Posted 2nd September 2011 | 5 Comments

U-turn Edinburgh councillors rescue Princes Street trams

COUNCILLORS in Edinburgh have voted to restore the future tram route between Haymarket and St Andrew Square, which was voted out last week.

A crisis meeting heard today that the financial implications of terminating the line at Haymarket were growing more dire, with the threat of major penalties payable to the contractors as well as the loss of £72 million in government funding.

The special meeting, convened by the Lord Provost, voted to reverse last week's decision to abandon the Princes Street section, where lines were laid during a period of disruption which lasted through most of 2009.

The decision to end the line at Haymarket had been met with dismay by the city's Chamber of Commerce, whose chief executive described it as 'bonkers'.

The report considered by councillors said: "The option to complete the project to St Andrew Square is believed to yield the best prospect of a return on investment relative to the original aims of the project and to deliver best value for the city, the council and the Edinburgh Tram Project."

Today's meeting was told that around £60 million of funding from the Scottish Government, the remaining tranche of a grant worth £500 million, would not be paid to the council if it terminated the line from the airport at Haymarket.

Worse still, pulling out of Princes Street would have triggered penalty payments to the contractors of £161 million. It would also require yet more funding to restore Princes Street to its former state and provide a new, unplanned turnback for trams at Haymarket.

Today saw a change of heart by SNP councillors, who had abstained from last week's vote, thus allowing Conservative and Labour councillors to outvote the pro-tram Liberal Democrats. Today, both Labour and SNP members voted with the LibDems to continue the trams to St Andrew Square.

Council leader Jenny Dawe said a public inquiry now lay ahead, with the original financial case and costing of the tram project being scrutinised to see whether there had been wilful misinformation, negligence or simply mistakes.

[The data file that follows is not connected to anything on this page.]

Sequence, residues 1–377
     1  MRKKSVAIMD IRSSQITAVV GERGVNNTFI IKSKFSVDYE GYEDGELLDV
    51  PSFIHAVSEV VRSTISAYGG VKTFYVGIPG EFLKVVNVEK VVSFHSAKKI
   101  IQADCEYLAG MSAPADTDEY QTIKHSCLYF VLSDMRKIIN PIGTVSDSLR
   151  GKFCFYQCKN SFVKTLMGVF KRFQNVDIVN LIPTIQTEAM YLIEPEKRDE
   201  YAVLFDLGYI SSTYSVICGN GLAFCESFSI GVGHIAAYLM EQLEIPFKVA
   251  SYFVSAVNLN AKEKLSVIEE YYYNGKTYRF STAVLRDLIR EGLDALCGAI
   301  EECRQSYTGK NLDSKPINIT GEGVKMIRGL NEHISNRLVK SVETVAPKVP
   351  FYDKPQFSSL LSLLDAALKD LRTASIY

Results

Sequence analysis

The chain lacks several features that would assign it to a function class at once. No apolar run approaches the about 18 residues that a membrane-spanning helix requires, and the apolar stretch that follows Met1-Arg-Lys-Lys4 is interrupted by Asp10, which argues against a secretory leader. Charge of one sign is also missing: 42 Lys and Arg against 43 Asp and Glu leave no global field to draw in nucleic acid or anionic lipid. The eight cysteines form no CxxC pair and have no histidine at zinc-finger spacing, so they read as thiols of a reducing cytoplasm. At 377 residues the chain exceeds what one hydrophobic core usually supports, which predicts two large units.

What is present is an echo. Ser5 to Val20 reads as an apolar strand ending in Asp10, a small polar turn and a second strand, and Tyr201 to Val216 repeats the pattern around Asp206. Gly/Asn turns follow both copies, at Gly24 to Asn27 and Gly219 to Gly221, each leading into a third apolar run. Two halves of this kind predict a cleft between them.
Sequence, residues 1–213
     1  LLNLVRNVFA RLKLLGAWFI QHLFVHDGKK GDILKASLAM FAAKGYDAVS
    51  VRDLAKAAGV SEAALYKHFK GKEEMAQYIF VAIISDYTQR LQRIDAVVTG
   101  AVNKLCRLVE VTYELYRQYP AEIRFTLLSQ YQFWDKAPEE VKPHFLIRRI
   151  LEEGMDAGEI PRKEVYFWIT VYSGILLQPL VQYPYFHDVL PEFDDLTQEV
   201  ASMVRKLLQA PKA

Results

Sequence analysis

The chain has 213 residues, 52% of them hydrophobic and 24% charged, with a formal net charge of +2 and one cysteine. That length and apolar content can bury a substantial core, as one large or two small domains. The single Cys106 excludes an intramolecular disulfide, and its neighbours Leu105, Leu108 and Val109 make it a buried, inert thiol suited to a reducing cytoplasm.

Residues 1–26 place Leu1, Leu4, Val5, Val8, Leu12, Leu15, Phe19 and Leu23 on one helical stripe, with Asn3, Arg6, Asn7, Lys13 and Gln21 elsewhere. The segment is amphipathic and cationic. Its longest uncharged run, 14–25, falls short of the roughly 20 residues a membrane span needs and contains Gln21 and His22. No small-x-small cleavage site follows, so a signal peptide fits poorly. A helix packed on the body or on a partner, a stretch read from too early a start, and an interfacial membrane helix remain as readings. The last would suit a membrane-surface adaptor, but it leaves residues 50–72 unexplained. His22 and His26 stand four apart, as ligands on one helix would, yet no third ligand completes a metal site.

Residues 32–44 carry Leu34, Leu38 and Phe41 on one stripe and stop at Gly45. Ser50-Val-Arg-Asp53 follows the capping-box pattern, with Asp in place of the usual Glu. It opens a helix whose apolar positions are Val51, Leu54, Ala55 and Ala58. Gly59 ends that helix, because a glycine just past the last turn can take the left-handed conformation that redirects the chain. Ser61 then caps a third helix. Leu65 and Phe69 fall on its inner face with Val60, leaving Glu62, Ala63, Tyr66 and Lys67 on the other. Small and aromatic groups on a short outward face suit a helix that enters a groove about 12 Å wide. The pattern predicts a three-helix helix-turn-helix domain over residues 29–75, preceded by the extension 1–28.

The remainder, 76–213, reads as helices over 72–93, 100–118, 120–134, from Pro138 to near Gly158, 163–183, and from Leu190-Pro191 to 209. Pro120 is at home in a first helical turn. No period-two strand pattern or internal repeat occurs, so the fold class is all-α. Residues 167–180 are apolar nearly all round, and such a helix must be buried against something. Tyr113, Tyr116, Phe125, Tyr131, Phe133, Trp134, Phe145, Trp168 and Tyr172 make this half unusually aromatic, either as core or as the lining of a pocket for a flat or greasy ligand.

Reader Comments:

Views expressed in submitted comments are that of the author, and not necessarily shared by Railnews.

  • John Gilbert, Cradley, Herefordshire, England

    The mind simply boggles at the situation in Edinburgh. What the HELL has been going on!!! Are they all idiots? The French have just opened their 25th NEW tramway in the past 20 years! Obviously the whole Edinburgh project should have been handed over to them!
    Now the poor people of the Scottish capital city doubtless think that trams are a bad thing. And who can blame them! But no, the concept is fine - just ask the citoyens of those 25 French cities; it's the people who have been running this whole sad Edinburgh business who should be put in the dock!

  • Steve Alston, Crewe

    The real villain is the contractor. But that gets missed by the media.

  • John Gilbert, Cradley, Herefordshire, England

    The French have installed twenty-five new tram systems in their major - and not-so-major - cities in the last twenty or so years and the process is continuing. We know why English cities have such trouble getting approval for these systems - because of the gormless, unambitious and lacking-in-drive Westminster politicians and civil servants who know the cost of everything but not the value; I had hoped that Scotland and Edinburgh would be a breath of common sense and fresh air in these islands. But instead............. In due course the book will have to be written, "How NOT to build a Tram System." Does no one have any drive any more? For goodness' sake get the French in to do the job - which should have been done at the outset!

  • Tony Pearce, Reading, UK

    Shambles, shambles, shambles.

    I have retired now as a Senior Analyst for a major International firm.

    Schemes like this were costed to the last penny. There were regular reviews. All contracts with outsiders were written in blood. If they got their sums wrong then they had to pay with no compensation.

    If things started going wrong (eg date slippages) then you didn't get your bonus and going to the boardroom to explain was not an easy matter.

    These problems should not be happening in Edinburgh.

    The only good thing that could come out of this is that everyone in the Railway Industry should now note everything about this scheme ('How not to run a Railway Project') and make sure it never happens on anything they are involved in.

  • Linda Wood, Edinburgh

    What a terrible waste of money,we have an excellent bus service, there is absolutely no need for trams.